(Adaptation of the article published in El País 12th December 2012 and written by Antonio Gutiérrez Rubí)
The Spanish minister of Education, Culture and Sports, Mr. Jose Ignacio Wert Ortega has finally approved a law for “hispanizing” Catalan people on its purpose of lapidating our culture and language. But he is not alone, though we do not know whose orders he is following. His political attack against Catalan language, his mission, camouflaged in an reform of the education system, is not casual neither improvised. It is not an isolated action either. There is obviously a background strategy.
Some months ago, in an interview to a Catalan newspaper, Mr. Wert declared: “first I point, and then I shoot”. And he added provocatively: “I am conscious that one of my virtues is not oral continence”. Yet it is true, he is irresponsible, as he declared with his smiley face. But he is not a fool at all. The Spanish king calls him “poor Wert” and his little things, but he does not require kind comprehension to his actions, but total reproval. And publicly. The Spanish parliament already tried in vain due to the PP majority. But Mr. Mariano Rajoy, the Spanish president, cannot keep looking somewhere else: or he supports his minister or he overrules him. Or could it be Wert is talking for Rajoy? Or against him?
The key points of the strategy that Wert uses to attack Catalan language as a tool of political domination have previously been tested in Valencia region and recently in Balearic Islands. Nobody can deny they have been successful. But neither can anybody deny they have damaged our culture. And I am not talking about of “collateral damages”. The damage has been deep and the wound is still bleeding, causing coexistence confrontations within the population and avoiding true structural reform measures to be put in place within our institutional architecture: diversity must not be seen as a problem but as an opportunity.
Some months ago, the parliament of the Balearic Islands approved the reform of the Law of Public offices (and indirectly, they also approved the law of language normalization), which abolished, for example, the requirement of Catalan knowledge as indispensable to work for any public office in the islands; this political campaign promise from Partido Popular was highly criticized by the opposition parties and for many social and cultural associations.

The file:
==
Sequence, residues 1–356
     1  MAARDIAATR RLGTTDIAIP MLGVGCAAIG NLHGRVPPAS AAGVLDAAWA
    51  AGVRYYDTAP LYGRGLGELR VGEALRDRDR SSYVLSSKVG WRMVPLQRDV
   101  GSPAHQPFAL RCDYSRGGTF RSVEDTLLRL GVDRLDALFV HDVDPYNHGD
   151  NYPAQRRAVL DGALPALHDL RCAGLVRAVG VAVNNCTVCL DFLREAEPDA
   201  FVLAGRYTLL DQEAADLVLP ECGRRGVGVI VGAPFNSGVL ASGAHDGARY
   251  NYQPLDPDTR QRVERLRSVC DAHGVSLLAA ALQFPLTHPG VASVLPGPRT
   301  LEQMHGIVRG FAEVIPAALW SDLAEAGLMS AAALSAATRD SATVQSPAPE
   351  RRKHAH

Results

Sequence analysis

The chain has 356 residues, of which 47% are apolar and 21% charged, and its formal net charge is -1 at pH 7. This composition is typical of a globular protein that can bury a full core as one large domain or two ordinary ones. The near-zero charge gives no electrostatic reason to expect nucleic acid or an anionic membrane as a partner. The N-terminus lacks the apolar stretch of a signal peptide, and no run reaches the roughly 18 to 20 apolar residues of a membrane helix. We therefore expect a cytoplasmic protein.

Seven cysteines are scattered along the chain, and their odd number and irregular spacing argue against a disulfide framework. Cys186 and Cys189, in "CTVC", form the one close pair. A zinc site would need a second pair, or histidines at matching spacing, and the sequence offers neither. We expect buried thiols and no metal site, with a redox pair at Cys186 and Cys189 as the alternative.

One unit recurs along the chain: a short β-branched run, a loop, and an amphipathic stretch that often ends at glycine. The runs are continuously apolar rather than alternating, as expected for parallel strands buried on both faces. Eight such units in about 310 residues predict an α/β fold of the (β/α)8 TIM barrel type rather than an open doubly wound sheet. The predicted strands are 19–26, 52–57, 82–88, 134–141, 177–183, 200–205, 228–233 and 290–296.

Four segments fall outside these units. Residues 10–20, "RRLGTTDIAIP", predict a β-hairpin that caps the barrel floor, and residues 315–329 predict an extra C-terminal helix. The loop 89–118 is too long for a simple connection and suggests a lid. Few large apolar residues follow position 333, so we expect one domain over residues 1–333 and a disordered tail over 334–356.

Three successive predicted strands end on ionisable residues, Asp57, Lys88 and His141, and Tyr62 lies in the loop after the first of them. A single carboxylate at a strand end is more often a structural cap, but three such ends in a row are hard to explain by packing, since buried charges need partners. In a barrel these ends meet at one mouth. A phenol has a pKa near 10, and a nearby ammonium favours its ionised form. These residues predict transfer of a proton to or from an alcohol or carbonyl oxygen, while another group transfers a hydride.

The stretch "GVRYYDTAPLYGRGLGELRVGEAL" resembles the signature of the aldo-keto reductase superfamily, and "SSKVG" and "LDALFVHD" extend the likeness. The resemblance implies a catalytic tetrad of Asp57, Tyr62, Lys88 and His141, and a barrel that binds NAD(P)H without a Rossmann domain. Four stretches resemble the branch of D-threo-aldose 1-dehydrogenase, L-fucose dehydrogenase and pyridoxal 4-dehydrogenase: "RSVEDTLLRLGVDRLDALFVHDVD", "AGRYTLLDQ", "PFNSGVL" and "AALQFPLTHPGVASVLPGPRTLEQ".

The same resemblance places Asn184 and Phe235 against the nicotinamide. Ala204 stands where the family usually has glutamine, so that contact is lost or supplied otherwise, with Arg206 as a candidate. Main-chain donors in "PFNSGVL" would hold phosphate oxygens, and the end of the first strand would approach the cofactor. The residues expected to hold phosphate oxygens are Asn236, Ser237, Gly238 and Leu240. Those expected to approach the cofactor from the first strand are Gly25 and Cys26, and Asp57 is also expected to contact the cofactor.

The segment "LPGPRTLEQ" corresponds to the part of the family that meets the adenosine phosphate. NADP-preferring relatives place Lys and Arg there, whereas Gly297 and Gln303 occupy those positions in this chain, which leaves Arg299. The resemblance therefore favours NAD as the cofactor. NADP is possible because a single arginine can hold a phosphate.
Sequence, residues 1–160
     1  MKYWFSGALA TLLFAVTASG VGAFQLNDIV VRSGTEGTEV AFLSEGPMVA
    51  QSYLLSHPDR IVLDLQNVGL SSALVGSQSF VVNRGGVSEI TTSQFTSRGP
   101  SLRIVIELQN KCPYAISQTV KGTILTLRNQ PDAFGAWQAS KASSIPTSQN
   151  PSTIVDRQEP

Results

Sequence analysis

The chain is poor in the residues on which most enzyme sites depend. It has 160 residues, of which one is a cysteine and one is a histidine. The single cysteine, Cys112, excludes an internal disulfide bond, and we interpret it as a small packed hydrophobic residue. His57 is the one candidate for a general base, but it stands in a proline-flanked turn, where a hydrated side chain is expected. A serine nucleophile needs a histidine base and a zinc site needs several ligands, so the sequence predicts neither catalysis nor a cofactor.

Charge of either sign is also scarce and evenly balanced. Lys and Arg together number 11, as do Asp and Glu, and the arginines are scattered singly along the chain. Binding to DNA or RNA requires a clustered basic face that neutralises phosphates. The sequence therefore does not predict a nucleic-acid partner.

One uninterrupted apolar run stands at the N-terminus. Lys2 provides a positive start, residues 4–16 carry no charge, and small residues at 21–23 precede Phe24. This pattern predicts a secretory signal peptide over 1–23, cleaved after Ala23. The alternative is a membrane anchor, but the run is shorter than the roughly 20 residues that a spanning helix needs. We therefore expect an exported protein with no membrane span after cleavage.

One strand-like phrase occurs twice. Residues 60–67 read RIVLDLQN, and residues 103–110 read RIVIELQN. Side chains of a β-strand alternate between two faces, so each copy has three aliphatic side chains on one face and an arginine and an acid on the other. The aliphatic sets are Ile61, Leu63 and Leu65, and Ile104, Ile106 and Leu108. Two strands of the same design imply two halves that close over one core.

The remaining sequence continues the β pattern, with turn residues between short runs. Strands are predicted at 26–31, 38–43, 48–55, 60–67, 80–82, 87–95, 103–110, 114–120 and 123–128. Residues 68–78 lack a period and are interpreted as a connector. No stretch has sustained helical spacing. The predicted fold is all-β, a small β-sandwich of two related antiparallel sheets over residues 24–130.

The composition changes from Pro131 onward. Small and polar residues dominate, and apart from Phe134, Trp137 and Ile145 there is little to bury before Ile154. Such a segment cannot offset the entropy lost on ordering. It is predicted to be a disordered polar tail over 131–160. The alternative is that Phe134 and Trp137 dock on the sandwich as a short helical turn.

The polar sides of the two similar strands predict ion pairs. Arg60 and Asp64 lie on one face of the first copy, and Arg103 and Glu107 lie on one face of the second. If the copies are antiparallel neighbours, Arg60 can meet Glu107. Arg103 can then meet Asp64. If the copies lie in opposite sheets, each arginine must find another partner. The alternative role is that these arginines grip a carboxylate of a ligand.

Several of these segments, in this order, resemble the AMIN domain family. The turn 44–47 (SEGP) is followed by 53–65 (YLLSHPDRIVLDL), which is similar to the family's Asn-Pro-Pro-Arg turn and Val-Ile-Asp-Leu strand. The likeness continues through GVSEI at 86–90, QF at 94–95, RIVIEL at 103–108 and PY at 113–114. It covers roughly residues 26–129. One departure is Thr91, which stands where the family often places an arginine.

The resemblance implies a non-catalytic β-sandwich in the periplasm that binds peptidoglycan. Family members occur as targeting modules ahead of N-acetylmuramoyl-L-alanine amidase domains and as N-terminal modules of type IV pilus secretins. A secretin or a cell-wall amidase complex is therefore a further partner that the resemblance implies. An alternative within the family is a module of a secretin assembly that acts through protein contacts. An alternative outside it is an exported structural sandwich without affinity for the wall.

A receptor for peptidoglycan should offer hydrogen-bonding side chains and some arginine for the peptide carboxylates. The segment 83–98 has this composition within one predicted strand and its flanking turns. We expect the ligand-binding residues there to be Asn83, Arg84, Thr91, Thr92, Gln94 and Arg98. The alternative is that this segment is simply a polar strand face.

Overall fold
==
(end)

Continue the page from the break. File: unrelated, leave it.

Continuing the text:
Furthermore, the Spanish conservative government has stigmatized Catalan language so grotesquely that is has pitifully been defined as “co-official language different to Spanish” in the Balearic Islands or as “language spoken in the eastern area of Aragon”.
This political attack follows a persistent and calculated plan. It is a well-engineered political strategy that is executed systematically and with absolute determination. Some believe it is easier to defeat your adversaries if you destroy their social eco-system. Here I list just a few approaches of this peculiar mental frame against our language:
1. Deny the unity of Catalan language in the territories where it is spoken: politics against philology.
2. Label Catalan language as a strange (or foreign) language wherever it is naturally spoken.
3. Devaluate Catalan language, consigning it to a minority or residual language, and cancelling its status of co-official language.
4. Suggest that the protection and promotion of Catalan language is supposedly covering the imposition of the Catalan culture and language, and that may limit individual freedoms or avoid the development of the Spanish state, its harmony and sustainable laws.
5. Define the use of Catalan language (and other official languages within the Spanish state) as a superfluous and needless cost in times of crisis. Unfortunately the aggressive and bitter debates at the Spanish parliament in these regards are a good proof of this horrible approach.
6. Identify Catalan language with nationalism, miss-using it for political manipulation.
7. Believe that the promotion and protection of Catalan language are directed to remove any individual freedom or used for sectarian indoctrination. According to this, public schools and media are used with the unique purpose to clean people brains massively. Therefore, they must fight against Catalan language to obtain freedom and democracy.
8. “Hispanize” all territories within the Spanish state, taking the Spanish language as a totalitarian flag. Other languages are a threaten that must be exterminated or at least limited.
Mr. Wert, who is a sociologist, keeps on tensing the rope and measuring reactions. Or maybe producing reactions, like a marksmanship: with accuracy and precision. Just when we would expect tension to lose up between the leaders of Catalonia and Spain, Wert –and whoever directs this malefic plan- is directly attempting to dynamite Catalonia identity and language, by imposing a law of “language normalization” to secure Spanish is the main and only language learned in schools.
All our effort of bringing our language back to life after Franco’s dictatorship will be in vain if we let Mr. Wert apply this law. The parliament of Catalonia must do a strong and decisive action to defy the instructions of the Spanish Education minister. Since supposedly we live in democracy and not dictatorship, they should not be able to impose a law that over 75% of the population rejects completely. This is a clear sign Catalan people must immediately push for a democratic revolution, before we lose our identity and our language forever.